a piranha fossil

Are Piranhas Extinct?

Recent movies have made Piranhas a fish of interest. With their trademark aggression and powerful bites, coupled with razor sharp teeth, it leaves many wondering if they exist at all.

So, are Piranhas extinct? No, not at all. Currently there are 30 to 60 species of Piranha that are indeginous to the Amazon basin. Modern Piranha have been on the planet for around 1.8 million years and survive in the rivers and lakes of Latin America. The most common is also said to be the most aggressive, the fearsome Red-Bellied Piranha.

What Is The Piranha Overview Then?

Having lived in Latin America for millions of years, Piranha are considered a medium sized fish, with powerful jaws coupled with interlocking, triangular razor sharp teeth.

Piranha Overview

Habitat: Rivers, Lakes, Reservoirs, Floodplains, Wetlands
Location: Amazon Basin
Lifespan: Up to 20 Years
Size: Up to 24 inches
Weight: 5 – 8 pounds
Color: Yellow, Silver-Grey, Red, Black (Depends On Species)
Diet: Omnivore – Fish, Fruits, Insects, Worms, Crustaceans, Seeds & Plants
Predators: Caimans, River Dolphin, Turtles, Herons.
Top Speed: 20 – 30 kph (15 – 25 mph)
No. of Species: Unknown. Estimated Between 30 – 60
Conservation Status: Least Concern or Not Evaluated


Depending upon the species they can grow to over 24 inches and weighs around 8 pounds. The famous Red-Bellied Piranha travel in schools but the black Piranha are solo travellers.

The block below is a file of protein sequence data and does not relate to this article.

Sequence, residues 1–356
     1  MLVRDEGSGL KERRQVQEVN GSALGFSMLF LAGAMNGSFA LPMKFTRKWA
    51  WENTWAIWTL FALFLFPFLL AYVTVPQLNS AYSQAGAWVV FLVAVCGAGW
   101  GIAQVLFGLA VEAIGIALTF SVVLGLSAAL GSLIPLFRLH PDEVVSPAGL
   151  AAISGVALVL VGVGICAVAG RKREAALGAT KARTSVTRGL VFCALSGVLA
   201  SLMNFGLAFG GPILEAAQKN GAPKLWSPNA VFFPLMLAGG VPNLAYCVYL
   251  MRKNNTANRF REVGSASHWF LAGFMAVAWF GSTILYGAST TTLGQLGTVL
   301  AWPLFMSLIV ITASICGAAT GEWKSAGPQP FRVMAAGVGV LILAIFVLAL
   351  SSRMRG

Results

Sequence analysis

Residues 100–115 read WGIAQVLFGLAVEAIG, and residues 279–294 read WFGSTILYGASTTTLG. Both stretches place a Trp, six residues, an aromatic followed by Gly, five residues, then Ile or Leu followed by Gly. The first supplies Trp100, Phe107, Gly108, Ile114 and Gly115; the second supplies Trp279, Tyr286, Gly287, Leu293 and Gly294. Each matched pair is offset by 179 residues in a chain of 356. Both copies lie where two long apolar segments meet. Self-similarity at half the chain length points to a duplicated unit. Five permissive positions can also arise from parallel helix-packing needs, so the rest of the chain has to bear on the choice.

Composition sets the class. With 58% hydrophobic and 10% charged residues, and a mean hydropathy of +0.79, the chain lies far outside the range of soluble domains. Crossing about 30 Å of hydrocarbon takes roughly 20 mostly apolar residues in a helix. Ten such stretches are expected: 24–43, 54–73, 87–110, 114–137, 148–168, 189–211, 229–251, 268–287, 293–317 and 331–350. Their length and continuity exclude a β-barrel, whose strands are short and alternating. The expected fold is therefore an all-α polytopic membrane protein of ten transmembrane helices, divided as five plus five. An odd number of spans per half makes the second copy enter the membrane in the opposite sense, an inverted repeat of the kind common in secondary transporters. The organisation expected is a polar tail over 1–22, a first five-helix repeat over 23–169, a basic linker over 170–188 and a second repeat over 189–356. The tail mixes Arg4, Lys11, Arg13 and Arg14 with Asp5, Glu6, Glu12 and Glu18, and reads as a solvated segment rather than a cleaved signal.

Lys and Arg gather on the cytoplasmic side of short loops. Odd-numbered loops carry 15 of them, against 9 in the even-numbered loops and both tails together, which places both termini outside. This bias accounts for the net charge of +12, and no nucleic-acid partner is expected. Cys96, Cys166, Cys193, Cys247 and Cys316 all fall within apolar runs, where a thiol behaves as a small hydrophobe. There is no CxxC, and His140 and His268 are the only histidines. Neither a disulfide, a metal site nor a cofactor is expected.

They are actually quite shy and timid fish, who do not attack live large animals in the water. They would more fear you as a potential predator, and bites are normally as a result of their nests being threatened.

They’re Actually Quite A Long Way From Being Extinct

While extinct is a common word in the English language, it is also used as a category by the  International Union for the Conservation of Nature (IUCN). This is the world renowned body that monitors species survival throughout the globe.

They have classed Piranha as either ‘not evaluated’ or ‘least concern’ depending upon the species. They are (in order of concern);


  • Least Concern
  • Near Threatened
  • Vulnerable
  • Endangered
  • Critically Endangered
  • Extinct in the Wild
  • Extinct


They have a further two categories, Data Deficient and Not Evaluated, which are pretty self explanatory.

There is currently no concern that the population of Piranha are decreasing.

What Piranhas Are Extinct?

In the 1900s, on the riverside in Argentina a fossilised jaw was discovered. It stayed unstudied until around 1980, having been kept in an Argentinian museum’s draws.

In 2009 it got named megaPiranha, and was thought to have gone extinct due to the rise of the Andes mountains. It lived 8 to 10 million years ago.

The megaPiranha is currently extinct, and is thought to have weighed around 10 kilograms and been 3 feet long.

It’s bite has been retroactively studied and is thought to have had one of the most powerful bites in history, according to a recent study.


So, Piranha are not only not extinct, but they seem to be flourishing. While they are confined to the Latin American Amazon basin, they seem to thrive there in the tropical waters with a rich abundance of food during the wet season.

The Piranhas natural predators are declining slightly so there is no reason to think they are in danger as a species. The appropriate authorities currently have no global data on the Piranha population but with up to 60 species, they only have a few that they classify as ‘least concern’. Most species are designated ‘not evaluated’.

There is every reason to think that Piranha will go another few million years into the future.


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